China: Enough pigs for the spring festival

Enough pigs for the spring festival

imago / VCG
With the Spring Festival, the Chinese celebrate the New Year. It is celebrated with a period of six days.
With the Spring Festival, the Chinese celebrate the New Year. It is celebrated with a period of six days.

PEKING Pork production in the People's Republic continues to grow, according to government figures. The supply for the holidays is said to be secured. Prices picked up again recently.

After a long and sharp decline, slaughter pig prices in China have rebounded by nearly 70 percent from their early October low to last week; however, they continue to fall well short of year-ago levels. The recent price surge has raised hopes among global exporters that the losses incurred by producers during the low prices have caused domestic supply to dwindle and China's import demand for pork to pick up.

But Xin Guochang, director of the Beijing Ministry of Agriculture's Animal Husbandry Bureau, takes a different view. Speaking to state broadcaster CCTV recently, he pointed out that China's pork ore consumption in the first three quarters of 2021 rose 38 percent year-on-year to 39.2 million tonnes. In the following month of October, 30.2 million pigs were slaughtered, up 5.1 million from September and 111 percent year-on-year, he said.

Guochang said there were 43.5 million sows in China at the end of October, above the target level of 41 million head, surpassing the October 2020 level by 6.6 percent. The number of piglets born in June and July this year increased by 39 percent and 33 percent year-on-year, respectively, according to the expert, which will be available in time as slaughter pigs for the peak demand in early February 2022. "The total quantity of pigs and pork will be sufficient to supply the market on New Year's Day for the Spring Festival," Guochang highlighted. While fluctuation in pork prices cannot be ruled out, he said he does not expect a significant increase until the festive season.

Picking up demandAccording to

the national survey, the national average slaughter pig price per kilogram of live weight in China was CNY17.78 on Dec 1, 2021. This is equivalent to 2.47 euros. At the beginning of October, it had still been CNY 10.56 per kilo (1.47 euros) due to the high volume of slaughter pigs, but exactly one year ago it was CNY 32.20 per kilo (4.47 euros). Analysts attribute the price increase in recent weeks less to a decline in supply, even though not as many heavy pigs have been sent to slaughter recently and reduced pork imports have made themselves felt.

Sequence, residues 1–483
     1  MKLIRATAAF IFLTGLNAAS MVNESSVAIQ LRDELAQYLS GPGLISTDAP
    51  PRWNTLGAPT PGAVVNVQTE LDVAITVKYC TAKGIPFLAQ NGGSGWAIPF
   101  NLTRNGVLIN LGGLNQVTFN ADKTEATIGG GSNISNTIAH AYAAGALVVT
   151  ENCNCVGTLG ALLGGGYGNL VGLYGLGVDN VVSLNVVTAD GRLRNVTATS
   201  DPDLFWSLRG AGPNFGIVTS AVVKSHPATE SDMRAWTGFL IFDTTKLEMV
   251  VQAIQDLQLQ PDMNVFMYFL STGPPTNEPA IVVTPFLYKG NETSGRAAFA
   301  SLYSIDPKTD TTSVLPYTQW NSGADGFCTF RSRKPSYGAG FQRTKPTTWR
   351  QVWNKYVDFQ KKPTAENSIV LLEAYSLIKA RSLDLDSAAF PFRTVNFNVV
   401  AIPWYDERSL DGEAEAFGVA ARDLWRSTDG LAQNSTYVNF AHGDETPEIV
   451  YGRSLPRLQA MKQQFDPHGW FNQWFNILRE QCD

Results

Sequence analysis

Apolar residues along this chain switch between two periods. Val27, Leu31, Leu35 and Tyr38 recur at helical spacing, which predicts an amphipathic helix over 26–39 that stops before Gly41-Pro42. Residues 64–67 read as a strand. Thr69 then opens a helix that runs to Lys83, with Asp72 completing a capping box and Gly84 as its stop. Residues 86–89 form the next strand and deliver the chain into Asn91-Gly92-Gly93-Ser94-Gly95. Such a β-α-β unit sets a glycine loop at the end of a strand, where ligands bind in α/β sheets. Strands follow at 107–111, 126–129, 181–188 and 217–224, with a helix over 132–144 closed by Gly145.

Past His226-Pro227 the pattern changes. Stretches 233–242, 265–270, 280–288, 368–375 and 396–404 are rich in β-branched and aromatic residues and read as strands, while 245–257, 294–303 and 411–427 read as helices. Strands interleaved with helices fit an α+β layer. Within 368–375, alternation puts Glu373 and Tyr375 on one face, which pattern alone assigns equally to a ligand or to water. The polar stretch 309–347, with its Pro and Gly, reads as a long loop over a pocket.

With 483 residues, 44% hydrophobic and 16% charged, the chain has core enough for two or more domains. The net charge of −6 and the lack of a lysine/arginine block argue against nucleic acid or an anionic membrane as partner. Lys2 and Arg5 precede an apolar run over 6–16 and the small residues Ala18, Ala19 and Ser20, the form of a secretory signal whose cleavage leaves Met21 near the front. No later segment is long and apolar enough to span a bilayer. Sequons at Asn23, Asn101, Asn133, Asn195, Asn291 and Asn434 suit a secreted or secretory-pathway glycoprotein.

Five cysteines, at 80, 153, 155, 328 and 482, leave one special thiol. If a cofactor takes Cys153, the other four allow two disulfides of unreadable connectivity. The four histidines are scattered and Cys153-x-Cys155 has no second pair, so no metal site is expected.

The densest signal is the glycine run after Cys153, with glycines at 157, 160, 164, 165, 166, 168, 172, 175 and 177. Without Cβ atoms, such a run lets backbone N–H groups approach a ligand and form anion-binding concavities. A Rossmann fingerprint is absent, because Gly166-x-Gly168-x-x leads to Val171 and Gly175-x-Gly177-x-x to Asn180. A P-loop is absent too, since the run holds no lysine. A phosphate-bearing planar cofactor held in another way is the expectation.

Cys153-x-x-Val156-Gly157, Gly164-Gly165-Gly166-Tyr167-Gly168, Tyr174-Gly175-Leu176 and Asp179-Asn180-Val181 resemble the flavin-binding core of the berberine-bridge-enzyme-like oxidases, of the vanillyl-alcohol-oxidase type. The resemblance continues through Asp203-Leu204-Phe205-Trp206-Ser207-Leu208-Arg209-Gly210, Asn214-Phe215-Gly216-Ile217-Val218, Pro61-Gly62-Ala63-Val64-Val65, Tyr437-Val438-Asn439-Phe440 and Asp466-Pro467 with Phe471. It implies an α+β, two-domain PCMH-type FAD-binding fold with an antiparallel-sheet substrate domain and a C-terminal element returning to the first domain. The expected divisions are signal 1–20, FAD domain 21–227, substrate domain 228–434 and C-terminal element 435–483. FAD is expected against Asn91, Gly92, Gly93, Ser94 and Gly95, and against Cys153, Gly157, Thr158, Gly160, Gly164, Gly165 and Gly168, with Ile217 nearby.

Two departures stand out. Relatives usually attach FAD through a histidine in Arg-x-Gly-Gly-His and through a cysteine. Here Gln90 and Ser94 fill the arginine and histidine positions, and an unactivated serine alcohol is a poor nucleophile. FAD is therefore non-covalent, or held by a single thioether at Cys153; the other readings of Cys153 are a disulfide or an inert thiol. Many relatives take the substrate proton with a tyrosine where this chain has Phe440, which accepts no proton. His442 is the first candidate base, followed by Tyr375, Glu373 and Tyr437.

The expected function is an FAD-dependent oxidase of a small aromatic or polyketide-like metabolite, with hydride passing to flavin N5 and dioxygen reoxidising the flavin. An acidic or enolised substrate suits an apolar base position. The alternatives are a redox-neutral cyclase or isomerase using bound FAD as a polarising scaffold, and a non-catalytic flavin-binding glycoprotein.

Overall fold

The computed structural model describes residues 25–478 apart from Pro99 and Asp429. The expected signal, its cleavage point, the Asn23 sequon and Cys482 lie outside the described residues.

The main reason for firmer prices was seen as the seasonal pick-up in demand in autumn, and in some cases production of traditional sausages for the Spring Festival has already started. Some analysts in China believe slaughter pig prices could rise to levels above CNY20 (EUR2.78), especially as piglet prices have also been rising steadily since mid-October.

Warning of strong production increase

However, there is currently no indication of this in trading on the futures market for live pigs on the Dalian Commodity Exchange (DCE). The settlement price for the January future was CNY 16.22 per kilogram (EUR 2.25) on 1 December 2021, and CNY 15.34 per kilogram (EUR 2.23) for the May 2022 maturity. Another argument against a stronger price increase is that larger quantities of pork in state-owned warehouses from the low-price phase are still waiting to be released. In addition, Guochang pointed out that consumers were also increasingly consuming poultry, beef and lamb, and that the share of pork in total meat consumption was falling. He even warned against expanding pork production too much due to the recent price hike. With the current pork price, analysts say it should easily break even again.

The foreign exchange figures correspond to a conversion rate of 1 Chinese renminbi yuan (CNY) = 0.1389 euros.

The Spring Festival marks the New Year in the People's Republic of China. It lasts six days and will be celebrated in 2022 from February 1 to 6.

Source:; AgE
China pork CCTV


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